I have been a political activist for most of my adult life. In all these years, I have believed deeply that the unbearable and unacceptable reality of Israel and Palestine could only be changed from within. This is why I have been ceaselessly devoted to persuading Jewish society—to which I belong and into which I was born—that its basic policy in the land was wrong and disastrous. As for so many others, the options for me were clear: I could either join politics from above, or counter it from below.
I began by joining the Labor Party in the 1980s, and then the Democratic Front for Peace and Equality (Hadash), when I declined an offer to join the Knesset. At the same time, I focused my energies on working alongside others within educational and peace NGOs, even chairing two such institutions: the left Zionist Institute for Peace Studies in Givat Haviva, and the non-Zionist Emil Touma Institute for Palestinian Studies. In both circles, veteran and younger colleagues alike sought to create constructive dialogue with our compatriots, in the hope of influencing present policy for future reconciliation. It was mainly a campaign of information about crimes and atrocities committed by Israel since 1948, and a plea for a future based on equal human and civil rights.
On August 2, 2009, after cordoning off part of the Arab neighborhood of Sheikh Jarrah in East Jerusalem, Israeli police evicted two Palestinian families (more than 50 people) from their homes, allowing Jewish settlers immediately to move into the vacated houses. Although Israeli police cited a ruling by the country’s Supreme Court, the evicted Arab families had been living there for more than 50 years. This event which, rather exceptionally, did attract the attention of the world media, is part of a much larger and mostly ignored ongoing process.
Two years later, not much has changed. On October 16, 2011, Israel announced plans to build 2,600 new homes in southern Jerusalem, despite condemnation from the UN, the EU, and Britain. If implemented, the plans would not only divide the Arab section of the city from the rest of the occupied West Bank, but also severely undermine the chances of a viable Palestinian state and hamper the everyday life of Palestinians. The conclusion is obvious: while paying lip-service to the two-state solution, Israel is busy creating a situation on the ground that will render a two-state solution practically impossible. The dream that underlies this politics is best rendered by the wall that separates a settler’s town from the Palestinian town on a nearby hill somewhere in the West Bank. The Israeli side of the wall is painted with the image of the countryside beyond the wall—but without the Palestinian town, depicting just nature, grass, trees ... Is this not ethnic cleansing at its purest, imagining the outside beyond the wall as it should be: empty, virginal, waiting to be settled?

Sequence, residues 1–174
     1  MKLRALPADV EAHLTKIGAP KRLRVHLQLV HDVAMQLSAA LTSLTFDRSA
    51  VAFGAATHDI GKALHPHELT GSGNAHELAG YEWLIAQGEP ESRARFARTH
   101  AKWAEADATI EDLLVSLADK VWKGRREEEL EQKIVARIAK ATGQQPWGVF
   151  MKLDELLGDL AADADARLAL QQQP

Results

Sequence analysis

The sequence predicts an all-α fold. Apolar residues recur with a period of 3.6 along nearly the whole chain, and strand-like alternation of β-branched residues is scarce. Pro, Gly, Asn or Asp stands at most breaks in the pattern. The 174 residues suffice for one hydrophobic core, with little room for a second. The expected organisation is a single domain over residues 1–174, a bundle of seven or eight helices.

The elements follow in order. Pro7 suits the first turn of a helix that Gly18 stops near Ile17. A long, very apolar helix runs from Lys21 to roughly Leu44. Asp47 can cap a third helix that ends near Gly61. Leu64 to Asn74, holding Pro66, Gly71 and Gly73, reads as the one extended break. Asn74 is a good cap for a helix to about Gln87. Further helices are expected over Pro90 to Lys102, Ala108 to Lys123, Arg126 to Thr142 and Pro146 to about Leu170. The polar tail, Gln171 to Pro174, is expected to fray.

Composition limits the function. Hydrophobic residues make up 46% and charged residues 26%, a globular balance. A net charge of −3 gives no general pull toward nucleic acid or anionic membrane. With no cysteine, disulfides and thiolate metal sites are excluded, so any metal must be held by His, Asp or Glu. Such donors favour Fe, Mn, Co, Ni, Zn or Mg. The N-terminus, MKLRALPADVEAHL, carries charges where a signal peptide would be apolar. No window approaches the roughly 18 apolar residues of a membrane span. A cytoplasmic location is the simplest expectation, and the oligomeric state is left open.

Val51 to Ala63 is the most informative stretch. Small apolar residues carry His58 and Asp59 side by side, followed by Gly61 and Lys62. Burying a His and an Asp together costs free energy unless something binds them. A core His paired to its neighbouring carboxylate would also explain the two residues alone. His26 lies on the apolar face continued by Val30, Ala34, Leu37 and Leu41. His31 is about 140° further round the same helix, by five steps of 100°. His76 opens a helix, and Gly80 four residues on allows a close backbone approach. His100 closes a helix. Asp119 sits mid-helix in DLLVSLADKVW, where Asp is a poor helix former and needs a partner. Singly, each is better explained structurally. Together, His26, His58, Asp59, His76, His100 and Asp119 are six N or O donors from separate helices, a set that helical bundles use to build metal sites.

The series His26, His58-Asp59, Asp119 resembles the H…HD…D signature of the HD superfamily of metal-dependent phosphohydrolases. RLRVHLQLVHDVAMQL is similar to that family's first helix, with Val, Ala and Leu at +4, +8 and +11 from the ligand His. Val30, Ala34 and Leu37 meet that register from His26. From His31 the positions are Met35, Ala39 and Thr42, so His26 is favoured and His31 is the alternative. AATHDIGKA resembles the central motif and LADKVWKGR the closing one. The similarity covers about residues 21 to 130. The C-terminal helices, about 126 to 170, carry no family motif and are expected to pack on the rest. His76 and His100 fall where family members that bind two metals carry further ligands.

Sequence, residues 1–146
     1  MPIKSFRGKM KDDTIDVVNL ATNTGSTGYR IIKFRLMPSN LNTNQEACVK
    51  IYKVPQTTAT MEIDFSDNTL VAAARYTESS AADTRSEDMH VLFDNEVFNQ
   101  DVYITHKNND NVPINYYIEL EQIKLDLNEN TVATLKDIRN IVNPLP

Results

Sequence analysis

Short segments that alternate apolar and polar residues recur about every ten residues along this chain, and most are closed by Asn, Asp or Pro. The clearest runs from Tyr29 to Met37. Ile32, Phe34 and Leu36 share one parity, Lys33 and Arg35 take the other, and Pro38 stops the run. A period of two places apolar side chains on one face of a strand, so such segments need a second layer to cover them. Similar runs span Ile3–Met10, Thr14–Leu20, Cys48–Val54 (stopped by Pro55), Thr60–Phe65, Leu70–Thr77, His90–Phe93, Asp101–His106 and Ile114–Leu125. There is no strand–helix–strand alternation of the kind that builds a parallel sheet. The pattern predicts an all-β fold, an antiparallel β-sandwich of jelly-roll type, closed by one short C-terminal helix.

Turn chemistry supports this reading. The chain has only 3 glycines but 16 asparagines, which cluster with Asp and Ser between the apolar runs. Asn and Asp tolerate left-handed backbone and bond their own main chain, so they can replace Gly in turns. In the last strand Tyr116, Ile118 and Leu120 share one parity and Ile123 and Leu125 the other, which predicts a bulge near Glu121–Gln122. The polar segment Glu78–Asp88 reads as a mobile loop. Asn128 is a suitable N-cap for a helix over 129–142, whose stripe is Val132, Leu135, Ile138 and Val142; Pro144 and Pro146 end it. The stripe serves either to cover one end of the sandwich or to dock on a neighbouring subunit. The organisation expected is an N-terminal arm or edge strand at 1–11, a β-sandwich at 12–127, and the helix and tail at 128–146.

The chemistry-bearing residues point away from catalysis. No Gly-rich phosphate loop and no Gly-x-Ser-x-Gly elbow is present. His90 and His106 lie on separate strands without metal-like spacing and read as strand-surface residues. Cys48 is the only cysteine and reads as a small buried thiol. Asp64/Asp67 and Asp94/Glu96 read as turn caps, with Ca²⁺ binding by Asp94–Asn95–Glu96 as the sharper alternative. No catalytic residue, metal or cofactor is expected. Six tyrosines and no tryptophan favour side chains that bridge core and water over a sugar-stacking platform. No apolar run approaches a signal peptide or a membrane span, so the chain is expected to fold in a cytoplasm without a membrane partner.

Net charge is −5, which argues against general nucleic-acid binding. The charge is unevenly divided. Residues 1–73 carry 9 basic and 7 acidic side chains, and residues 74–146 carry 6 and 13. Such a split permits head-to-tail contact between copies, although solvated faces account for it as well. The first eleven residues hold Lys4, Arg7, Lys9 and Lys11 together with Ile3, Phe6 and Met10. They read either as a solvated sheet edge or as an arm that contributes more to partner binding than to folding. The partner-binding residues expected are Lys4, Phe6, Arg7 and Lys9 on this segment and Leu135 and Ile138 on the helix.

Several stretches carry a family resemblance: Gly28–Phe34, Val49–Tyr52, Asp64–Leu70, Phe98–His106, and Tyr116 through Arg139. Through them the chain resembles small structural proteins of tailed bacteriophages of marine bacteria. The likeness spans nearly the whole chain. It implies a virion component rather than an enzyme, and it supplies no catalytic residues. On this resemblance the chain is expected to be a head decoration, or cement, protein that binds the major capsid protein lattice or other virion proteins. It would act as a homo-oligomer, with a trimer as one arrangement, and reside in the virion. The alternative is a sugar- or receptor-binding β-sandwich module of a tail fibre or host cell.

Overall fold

In this extract from The Least of All Possible Evils, Eyal Weizman details the dyanamic of the transport of provisions between Israel and Gaza, comparing it to a reverse Milgram experiment - a classic psychological experiment in power and authority and the capacity to inflict pain on ordinary people.
Milgram in Gaza
The legal petition against the further reduction of provisions into Gaza was rejected at the end of January 2008. ‘This is the difference between Israel, a democracy fighting for its life within the framework of the law, and the terrorist organizations fighting against it,’ the High Court stated, as if it were a state spokesperson. The court performed the task of an administrator rather than an adjudicator, a partner in the calibration of how much pain Gazans are to be made to legitimately feel. As such, acts of torture and terror aimed at forcing civilians into political compliance conferred on their makers a dignified image. Those proportionaly admin- istering the level of pain could now see themselves as being responsible for the necessary and tragic task of calculating and responsibly choosing the lesser of all possible evils.
An extract from A New Kind of Bleak: Journeys Through Urban Britain by Owen Hatherley
The reason why this is all able to occur is easy enough to discern; it’s there in front of you, everywhere you turn in Poplar, with that air-traffic alerting light flashing on and off the pyramid at the top, winking mockingly at you. Canary Wharf, like the first City, is breaking its banks, and spreading bankster colonies all over the borough of Tower Hamlets. As we have grown to expect, the financial crisis they triggered (Lehman Brothers and AIG did their naughtiest things here) has not led to any noticeable contrition or humility. From Poplar we could make our way into the Isle of Dogs itself, to peruse its glass and steel, or to jeer at the way that the kitsch of the ’80s still sits around it, dating the place horribly; we could walk around the mean, low-ceilinged shopping mall that sits under the central phallus of One Canada Square, the pyramidal erection dubbed at the time ‘Thatcher’s Cock’. We won’t, however. We ’ll head away from this Thatcherite landscape with its Fosterian Blairite appendages to a much purer space of New Labour, just to finally give them their due, for their most large-scale experiment in the planning of a wholly new, tabula rasa district of the capital.
I ought to be brief, or as brief as possible, on the subject of the Olympic Site.